Jewish Comics; or, Visualizing Current Jewish Narrative

By Royal, Derek Parker | Shofar, Winter 2011 | Go to article overview

Jewish Comics; or, Visualizing Current Jewish Narrative


Royal, Derek Parker, Shofar


Over the past several years, there has been rapidly growing interest in Jews and comics- not comics of the Groucho Marx, Woody Allen, and Jerry Seinfeld variety, but those as presented on the paneled pages of the newspaper funnies, comic books, and graphic novels.1 In the past four years alone, there have been no less than seven titles devoted exclusively to the history and analysis of Jews and comic art, and these books do not even include the many recent comics-related texts with substantive portions devoted to specific Jewish authors.2 Part of this interest can be read as an outgrowth, or the natural consequence, of scholarly studies in Jews and popular culture. The past decade has seen a number of significant studies that highlight the presence, and even the essential contributions, of Jews in a variety of popular media.3 Comics, the argument goes, is one of those mass outlets- along with television and Hollywood films- in which Jews could not only thrive, but also largely define according to particular ethnic themes and sensibilities. This nascent interest in Jewish comics and graphic novels can also be linked to another recent phenomenon, a broader scholarly focus on comics and the ways in which they represent ethnoracial identity.4 Many of these analyses have not only chronicled the history of racial and ethnic caricatures in American comic strips, comic books, and film animation, but they have also explored the relatively recent rise in ethnic ownership of the comic image, i.e., how traditionally marginalized writers and illustrators have become more a part of the comics industry and have thereby exerted more control over representations of their own ethnic communities.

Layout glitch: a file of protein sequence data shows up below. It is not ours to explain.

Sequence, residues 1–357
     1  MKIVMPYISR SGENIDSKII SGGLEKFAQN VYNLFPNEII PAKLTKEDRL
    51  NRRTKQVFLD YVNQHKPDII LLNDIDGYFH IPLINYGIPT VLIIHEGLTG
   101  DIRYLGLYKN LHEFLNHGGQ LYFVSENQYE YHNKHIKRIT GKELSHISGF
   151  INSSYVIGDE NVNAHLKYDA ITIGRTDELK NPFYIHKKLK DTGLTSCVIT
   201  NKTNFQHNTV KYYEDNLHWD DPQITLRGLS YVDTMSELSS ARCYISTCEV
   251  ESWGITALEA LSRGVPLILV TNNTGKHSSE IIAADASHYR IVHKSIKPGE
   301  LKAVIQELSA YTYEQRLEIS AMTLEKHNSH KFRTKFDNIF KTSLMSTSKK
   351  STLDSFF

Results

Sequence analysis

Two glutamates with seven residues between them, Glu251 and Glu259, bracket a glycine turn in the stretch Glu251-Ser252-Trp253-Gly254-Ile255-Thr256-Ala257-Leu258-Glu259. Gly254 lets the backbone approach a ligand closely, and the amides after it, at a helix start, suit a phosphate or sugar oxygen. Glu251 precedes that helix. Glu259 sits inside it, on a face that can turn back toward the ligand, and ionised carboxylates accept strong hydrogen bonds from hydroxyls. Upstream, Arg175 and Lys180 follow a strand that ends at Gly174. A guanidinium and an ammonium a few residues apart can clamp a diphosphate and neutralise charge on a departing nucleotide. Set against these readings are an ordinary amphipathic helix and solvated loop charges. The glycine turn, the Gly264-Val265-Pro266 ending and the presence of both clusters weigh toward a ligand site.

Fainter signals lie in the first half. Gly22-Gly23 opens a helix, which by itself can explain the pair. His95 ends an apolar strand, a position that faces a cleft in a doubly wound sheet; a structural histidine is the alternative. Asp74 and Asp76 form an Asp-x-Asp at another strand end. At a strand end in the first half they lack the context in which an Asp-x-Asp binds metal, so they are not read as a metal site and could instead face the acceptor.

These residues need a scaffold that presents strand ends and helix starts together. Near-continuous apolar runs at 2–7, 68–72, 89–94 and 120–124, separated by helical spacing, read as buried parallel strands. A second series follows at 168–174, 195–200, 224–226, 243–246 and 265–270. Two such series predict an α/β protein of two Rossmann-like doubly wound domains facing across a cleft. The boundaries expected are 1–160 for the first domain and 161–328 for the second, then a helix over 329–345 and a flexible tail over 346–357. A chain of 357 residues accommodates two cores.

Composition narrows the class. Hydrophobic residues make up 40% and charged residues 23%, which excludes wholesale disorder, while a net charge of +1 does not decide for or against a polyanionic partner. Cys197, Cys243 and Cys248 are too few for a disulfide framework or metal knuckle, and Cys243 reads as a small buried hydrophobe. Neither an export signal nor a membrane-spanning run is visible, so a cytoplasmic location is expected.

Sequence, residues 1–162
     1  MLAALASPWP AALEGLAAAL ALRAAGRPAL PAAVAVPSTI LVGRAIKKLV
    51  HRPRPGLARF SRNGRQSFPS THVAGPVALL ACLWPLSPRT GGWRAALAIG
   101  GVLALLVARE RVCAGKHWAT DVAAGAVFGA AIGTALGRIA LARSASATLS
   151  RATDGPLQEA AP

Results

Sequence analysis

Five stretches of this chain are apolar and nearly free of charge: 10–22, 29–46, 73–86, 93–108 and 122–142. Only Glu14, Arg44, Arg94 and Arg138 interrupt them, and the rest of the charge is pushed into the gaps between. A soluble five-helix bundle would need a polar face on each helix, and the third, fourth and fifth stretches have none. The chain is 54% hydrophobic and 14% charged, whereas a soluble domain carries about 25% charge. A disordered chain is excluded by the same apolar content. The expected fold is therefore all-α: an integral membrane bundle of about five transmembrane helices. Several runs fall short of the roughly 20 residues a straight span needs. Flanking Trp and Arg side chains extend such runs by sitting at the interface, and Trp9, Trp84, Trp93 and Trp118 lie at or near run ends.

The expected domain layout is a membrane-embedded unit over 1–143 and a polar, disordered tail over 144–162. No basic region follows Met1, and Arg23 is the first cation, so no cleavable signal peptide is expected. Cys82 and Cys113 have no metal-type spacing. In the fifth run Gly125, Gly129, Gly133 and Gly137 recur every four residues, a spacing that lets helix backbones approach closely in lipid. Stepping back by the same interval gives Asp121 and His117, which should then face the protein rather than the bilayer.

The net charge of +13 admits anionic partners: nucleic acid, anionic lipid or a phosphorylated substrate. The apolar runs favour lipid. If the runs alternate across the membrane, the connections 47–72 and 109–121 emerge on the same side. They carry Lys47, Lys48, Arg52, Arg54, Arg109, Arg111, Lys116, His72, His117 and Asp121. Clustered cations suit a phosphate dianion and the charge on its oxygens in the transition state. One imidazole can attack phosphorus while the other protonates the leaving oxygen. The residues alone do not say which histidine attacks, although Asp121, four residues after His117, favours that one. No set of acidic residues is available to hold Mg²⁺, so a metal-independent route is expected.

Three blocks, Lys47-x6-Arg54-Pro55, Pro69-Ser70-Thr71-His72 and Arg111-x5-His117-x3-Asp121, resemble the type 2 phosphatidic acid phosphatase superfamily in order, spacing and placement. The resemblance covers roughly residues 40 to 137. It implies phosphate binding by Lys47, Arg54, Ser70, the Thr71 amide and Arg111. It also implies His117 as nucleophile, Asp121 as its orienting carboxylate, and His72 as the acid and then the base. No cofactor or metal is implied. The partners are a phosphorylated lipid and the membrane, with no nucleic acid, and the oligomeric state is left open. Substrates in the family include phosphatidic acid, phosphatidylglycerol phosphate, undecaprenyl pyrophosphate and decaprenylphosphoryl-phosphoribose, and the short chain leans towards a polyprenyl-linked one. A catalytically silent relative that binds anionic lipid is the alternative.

In terms of Jewish Americans, this involvement in the industry has been in place since the comic book's inception. As comics historian Arie Kaplan points out, Maxwell "Charlie" Gaines (né Max Ginsberg) put together what many consider the first American comic book. In 1934, he, along with his friend Harry L. Wildenberg, persuaded Eastern Color Printing to collect the comic strips that had previously been published in Sunday newspapers, print them in half tabloid size and distribute them first through chain department stores, then when that proved successful, sell them on newsstands. There had been earlier attempts to collect and distribute comic strips in magazine form, but this was the first time anyone had done so on the retail level and not as a promotional giveaway.5 The result was Famous Funnies, and as critics such as Kaplan, Danny Fingeroth, and Paul Buhle have pointed out, thus began the Jewish association with comics and their shaping of the medium. Indeed, many of the early pioneers of American comics were Jews, including Jerome Siegel, Joe Shuster, Bob Kane, Bill Finger, Jerry Robinson, Joe Simon, Jack Kirby, Stan Lee, Larry Leiber, Gil Kane, Will Eisner, Jules Feiffer, Will Elder, Harvey Kurtzman, and Joe Kubert. This brief list of artists and writers created, or famously illustrated, most of the memorable characters of the 1930s and 1940s, including Superman, Batman, Captain America, the Guardian, the Boy Commandos, the Fantastic Four, the Hulk, the X-Men, Iron Man, the Green Lantern, the Spirit, and Sgt. Rock. And editors such as Stan Lee, Mort Weisinger, Julius Schwartz, William Gaines, AI Feldstein, and Harvey Kurtzman put their indelible stamp on most of the significant comic books coming out of the industry's leading publishers: DC Comics, Marvel, and EC Comics.

One of the reasons for this Jewish dominance in the comics industry is due in large part to the occupational opportunities, or lack thereof, in the first half of the twentieth century. As both Kaplan and Fingeroth have pointed out, most of the prominent and "respectable" fields where artists and writers could express their creativity- such as magazines, newspaper strips, and advertising-were closed to Jews at the time, or at least difficult to enter, due to antisemitism, both overt and subtle. …

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